Through an indirect process (no one complained to me) I’ve learned that Nursery Director is one of the most dreaded jobs at CPC. Relatively few people are signed up and sometimes those who are signed up don’t show up. This puts all the work back on a few people or the person serving as director. I get this. Everybody’s busy, too much to do, and there are few consequences for shirking what seems like a relatively trivial responsibility.
Let me come at this the long way round. We love ourselves and tend to put ourselves first. This is a simple truth that we should admit. What I have planned is more important than what you have planned. Don’t ask me to change my plans. My time is precious to me. I suppose yours is precious to you, but not in the same way that mine is precious to me. I can give very little of myself, say an hour a day, and still think of myself as a generous-spirited servant and a person willing to sacrifice. While it takes an epiphany of burning-bush dimensions to get us to see our self-centeredness, we congratulate ourselves in a heartbeat for very small things, or excuse ourselves because our schedules (which we control) are a runaway train.
When Paul said, “in humility count others more significant than yourselves. Let each of you look not only to his own interests, but also to the interests of others,” (Php 2:3) he was speaking knowingly, wisely, intentionally into the condition I am describing. He saw in humanity exactly what we see: “me first, you second.” To this he said, “have the mind of Christ, who made himself second, and elevated everyone else above himself.”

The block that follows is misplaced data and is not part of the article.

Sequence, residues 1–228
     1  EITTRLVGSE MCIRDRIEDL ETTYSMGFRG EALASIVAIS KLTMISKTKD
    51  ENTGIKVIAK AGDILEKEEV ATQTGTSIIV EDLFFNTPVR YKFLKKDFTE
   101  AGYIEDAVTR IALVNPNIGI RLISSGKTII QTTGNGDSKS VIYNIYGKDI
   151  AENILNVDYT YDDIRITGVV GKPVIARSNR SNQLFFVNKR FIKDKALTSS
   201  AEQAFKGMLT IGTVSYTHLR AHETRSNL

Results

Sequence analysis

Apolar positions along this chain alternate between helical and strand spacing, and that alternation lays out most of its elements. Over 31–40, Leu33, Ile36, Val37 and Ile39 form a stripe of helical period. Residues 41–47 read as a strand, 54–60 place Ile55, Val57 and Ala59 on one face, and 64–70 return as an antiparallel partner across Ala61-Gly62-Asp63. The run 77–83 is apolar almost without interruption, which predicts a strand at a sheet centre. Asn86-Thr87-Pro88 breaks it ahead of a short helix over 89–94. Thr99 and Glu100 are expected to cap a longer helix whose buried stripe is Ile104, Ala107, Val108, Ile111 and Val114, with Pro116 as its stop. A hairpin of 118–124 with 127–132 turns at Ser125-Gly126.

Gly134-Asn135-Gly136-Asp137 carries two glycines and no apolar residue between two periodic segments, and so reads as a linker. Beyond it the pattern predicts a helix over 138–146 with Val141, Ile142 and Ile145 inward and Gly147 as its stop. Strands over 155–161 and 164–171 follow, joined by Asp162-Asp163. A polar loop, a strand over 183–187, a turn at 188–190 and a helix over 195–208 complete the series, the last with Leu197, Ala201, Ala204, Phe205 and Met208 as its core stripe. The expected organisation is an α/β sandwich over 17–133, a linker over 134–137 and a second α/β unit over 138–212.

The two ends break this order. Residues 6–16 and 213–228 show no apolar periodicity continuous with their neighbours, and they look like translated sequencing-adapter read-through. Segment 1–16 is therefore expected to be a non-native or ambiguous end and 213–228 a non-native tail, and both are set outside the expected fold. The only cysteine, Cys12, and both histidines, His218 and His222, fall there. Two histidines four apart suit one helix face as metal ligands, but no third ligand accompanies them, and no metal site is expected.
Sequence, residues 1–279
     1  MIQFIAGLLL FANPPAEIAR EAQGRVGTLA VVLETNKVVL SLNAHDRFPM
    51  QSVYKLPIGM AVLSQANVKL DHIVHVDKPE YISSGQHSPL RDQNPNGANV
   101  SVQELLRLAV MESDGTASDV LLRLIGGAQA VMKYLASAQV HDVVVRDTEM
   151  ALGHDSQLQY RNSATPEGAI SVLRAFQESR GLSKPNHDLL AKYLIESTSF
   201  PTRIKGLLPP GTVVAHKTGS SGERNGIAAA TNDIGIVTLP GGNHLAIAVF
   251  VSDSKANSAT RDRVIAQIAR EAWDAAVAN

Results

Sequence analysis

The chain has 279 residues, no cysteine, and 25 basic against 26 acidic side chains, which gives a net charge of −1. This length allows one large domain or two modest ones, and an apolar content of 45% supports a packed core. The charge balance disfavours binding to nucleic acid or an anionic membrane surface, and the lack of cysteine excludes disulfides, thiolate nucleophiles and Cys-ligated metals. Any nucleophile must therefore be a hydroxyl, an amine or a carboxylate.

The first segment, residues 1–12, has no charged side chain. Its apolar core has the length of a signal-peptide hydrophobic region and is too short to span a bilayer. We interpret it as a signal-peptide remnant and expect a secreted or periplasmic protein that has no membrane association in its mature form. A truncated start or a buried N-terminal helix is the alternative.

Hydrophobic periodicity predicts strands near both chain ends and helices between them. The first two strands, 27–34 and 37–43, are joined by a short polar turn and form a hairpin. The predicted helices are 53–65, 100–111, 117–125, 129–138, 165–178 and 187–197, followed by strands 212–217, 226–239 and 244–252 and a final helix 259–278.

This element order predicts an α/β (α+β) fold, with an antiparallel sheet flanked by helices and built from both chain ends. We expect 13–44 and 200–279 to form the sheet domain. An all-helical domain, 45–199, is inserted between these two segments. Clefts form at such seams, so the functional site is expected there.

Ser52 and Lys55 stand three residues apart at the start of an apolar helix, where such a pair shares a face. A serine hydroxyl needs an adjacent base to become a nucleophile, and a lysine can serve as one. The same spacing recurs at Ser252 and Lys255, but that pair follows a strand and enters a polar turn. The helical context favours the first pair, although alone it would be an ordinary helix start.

When we baptize a child, we ask you to take a vow to “assist the parents in the nurture and admonition” of that child. Nursery is the easiest and most obvious way to do that. If we can’t pull off Nursery, we should cut that vow out of Baptism. At a deeper level we’re talking about the proof that Jesus demands of his disciples: “By this all people will know that you are my disciples, if you have love for one another” (Jn 13:35). Simple things like nursery — or the workday tomorrow — are ways of loving the people who lead and organize such events (not to mention the kids), which in turn are ways of loving the Lord himself, since loving others is all but equated with loving God (cf. the Greatest Commandment and especially 1 Jn 4:7-8).
Years ago in a church crisis that involved some pain on my part, a friend said to me: “get over yourself, Eric, this isn’t about you.” A friend said it! They were perfectly timed and painful words. I was angry and certain his comments were unjust. They weren’t. They were dead accurate. So accurate they haunted me and kept me up that night. “How painful are honest words!” Job said (Job 6:25). Let’s pray for this together: that we can get over ourselves and serve one another. It is, perhaps, the primary battle of the Christian faith, the great act of mortification of self. He must increase; you must decrease.